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I grew up among the Scandinavian immigrants of “Minnesoota,” a community marked by their elongated final vowels. In film and TV, this has become the quirky stereotype for that community. Indeed, every community has their quirkiness. But the real sign of creativity is when the quirk of a certain sub-community becomes the doorway for realizing what is common for all of us about being human.

A more general upper-Midwest trait is the public politeness known as “Minnesota Nice.” But scratch below the charming smile on the surface and you’ll often find an anger borne of frustrated competitiveness. This was portrayed by Joel and Ethan Coen (“the Coen brothers”) in their 1996 film, Fargo, and Noah Hawley has translated this into a four-season TV show by the same name.

Fargo is a dark comedy (or, tragic comedy). We are presented with the oddities and stupidities of a rural ethnic community that make us laugh (the comedy part) but also the surprising crime that lies hidden and unnoticed until we’re shocked by the outbreak of unspeakable violence that reveals the true nature of life that we prefer to gloss over (the dark or tragic part).

This might be the only way to reveal something uncomfortable: cloak the despair of life in a joke we can laugh at because otherwise life is too painful to acknowledge. In this way, Fargo allows us to consider the tragic nature of life from a safer distance. In the first season, we can reflect on whether we do, in fact, want to hire a stranger to kill our high school bully—with the benefit of seeing the collateral damage it unleashes. In season two, we can imagine what it might be like to try every possible way to avoid facing up to the consequences of an accidental killing on an icy roadway—at the cost of our grasp of reality. In the third season, we can reflect on an updated re-telling of the Cain-and-Abel-like rivalry between two brothers, one spectacularly successful and the other depressingly ordinary. (After a year break, a fourth season has just been released starring Chris Rock in the American Jim Crow-era South.)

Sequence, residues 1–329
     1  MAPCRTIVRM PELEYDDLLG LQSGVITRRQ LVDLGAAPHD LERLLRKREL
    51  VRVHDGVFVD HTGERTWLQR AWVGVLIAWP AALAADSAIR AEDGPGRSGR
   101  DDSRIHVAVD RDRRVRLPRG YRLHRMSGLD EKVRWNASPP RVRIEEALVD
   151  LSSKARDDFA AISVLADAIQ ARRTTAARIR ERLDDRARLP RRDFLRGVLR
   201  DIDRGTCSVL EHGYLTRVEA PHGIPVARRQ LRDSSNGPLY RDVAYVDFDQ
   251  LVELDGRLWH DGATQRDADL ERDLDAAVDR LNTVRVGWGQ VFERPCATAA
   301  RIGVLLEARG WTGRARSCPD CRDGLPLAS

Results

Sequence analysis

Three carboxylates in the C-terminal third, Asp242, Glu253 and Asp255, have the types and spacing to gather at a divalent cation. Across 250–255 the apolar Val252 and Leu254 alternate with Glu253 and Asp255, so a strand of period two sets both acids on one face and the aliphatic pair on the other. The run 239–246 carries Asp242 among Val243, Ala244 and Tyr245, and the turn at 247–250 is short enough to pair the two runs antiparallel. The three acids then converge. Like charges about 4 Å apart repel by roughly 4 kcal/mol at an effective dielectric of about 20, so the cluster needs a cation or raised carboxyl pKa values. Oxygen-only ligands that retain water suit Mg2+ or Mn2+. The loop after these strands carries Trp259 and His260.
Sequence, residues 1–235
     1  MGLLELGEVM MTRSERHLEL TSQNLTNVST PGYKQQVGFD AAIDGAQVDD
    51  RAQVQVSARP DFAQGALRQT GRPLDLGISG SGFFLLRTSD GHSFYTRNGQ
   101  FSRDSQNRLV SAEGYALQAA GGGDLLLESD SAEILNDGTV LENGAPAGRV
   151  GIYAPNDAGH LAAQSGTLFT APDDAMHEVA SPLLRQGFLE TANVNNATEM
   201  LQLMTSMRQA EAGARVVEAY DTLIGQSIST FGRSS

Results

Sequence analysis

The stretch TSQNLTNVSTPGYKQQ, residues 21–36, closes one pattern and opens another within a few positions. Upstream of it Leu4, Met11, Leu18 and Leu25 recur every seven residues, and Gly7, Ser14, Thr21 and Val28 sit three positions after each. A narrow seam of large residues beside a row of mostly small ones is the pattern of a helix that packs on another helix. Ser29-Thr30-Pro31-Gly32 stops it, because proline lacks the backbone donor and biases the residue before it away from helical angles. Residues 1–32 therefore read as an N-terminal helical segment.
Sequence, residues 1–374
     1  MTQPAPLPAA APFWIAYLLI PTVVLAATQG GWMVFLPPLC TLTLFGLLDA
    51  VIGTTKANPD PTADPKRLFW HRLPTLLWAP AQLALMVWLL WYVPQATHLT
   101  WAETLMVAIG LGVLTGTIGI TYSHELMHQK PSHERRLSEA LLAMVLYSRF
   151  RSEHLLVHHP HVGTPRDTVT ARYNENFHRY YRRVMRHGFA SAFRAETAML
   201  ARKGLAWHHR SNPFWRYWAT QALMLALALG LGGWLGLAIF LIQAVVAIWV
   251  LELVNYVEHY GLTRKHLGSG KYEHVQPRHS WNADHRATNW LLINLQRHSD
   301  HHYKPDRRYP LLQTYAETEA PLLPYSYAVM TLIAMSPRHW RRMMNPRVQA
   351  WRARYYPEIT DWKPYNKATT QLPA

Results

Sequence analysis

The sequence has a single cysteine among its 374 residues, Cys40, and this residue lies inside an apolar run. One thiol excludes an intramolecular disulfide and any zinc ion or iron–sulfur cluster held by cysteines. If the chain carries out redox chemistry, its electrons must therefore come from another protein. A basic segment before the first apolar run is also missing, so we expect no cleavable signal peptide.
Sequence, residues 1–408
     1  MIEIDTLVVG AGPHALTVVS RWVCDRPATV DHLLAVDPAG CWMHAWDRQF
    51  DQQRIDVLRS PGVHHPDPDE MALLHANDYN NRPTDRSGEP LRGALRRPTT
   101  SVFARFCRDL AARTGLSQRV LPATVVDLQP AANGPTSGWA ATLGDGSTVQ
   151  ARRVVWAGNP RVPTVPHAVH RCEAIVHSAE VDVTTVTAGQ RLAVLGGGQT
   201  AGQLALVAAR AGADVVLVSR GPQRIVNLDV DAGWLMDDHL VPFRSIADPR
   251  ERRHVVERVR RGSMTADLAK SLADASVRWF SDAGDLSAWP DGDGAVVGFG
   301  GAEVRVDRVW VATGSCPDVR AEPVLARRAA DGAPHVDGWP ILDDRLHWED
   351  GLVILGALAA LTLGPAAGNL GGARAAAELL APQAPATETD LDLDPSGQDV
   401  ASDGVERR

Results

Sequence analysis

Fargo depicts routine and criminal violence without flinching—something that might unsettle sensitive viewers. But this graphic portrayal of human relationships in their most broken state (something biblical authors retain in their stories but contemporary retellings often overlook) serves to highlight one of the subtle messages contained in each season: not only can the darkness of life become unfathomably deep, but the life-giving (even redemptive) actions of seemingly insignificant people becomes, thereby, all the more profound by comparison.

One police officer’s commitment to uncovering the truth despite being consistently overlooked by her supervisor, one wife’s courageous battle with cancer though overshadowed by her heroic husband, and one teenage son’s tender love of his mother that would garner him verbal (and maybe even physical) abuse on the school playground: these characters might or might not drive the plot forward—that’s beside the point—but they are shining examples that in the midst of a world awash with evil, love, truth, beauty, and justice are still possible. Actually, they keep life worth living.

In this way, Fargo can be interpreted as an extended meditation on the biblical invitation to wisdom. From this angle, while the divine is only occasionally mentioned, God flits about Fargo’s narrative just out of sight but faithfully making life possible in the midst of death.

As Christian viewers, we could ask ourselves whether, in our own lives, we have too easily accommodated ourselves to the standardized violence of our world or whether we are courageously making life more possible for others, even if we might never show up in the spotlight. In Fargo, as in most of everyday life, the spotlight is too often reserved for the death-dealers. Content warning: violence, gore, drug use, criminal activity, sex/nudity. (FX, Hulu)

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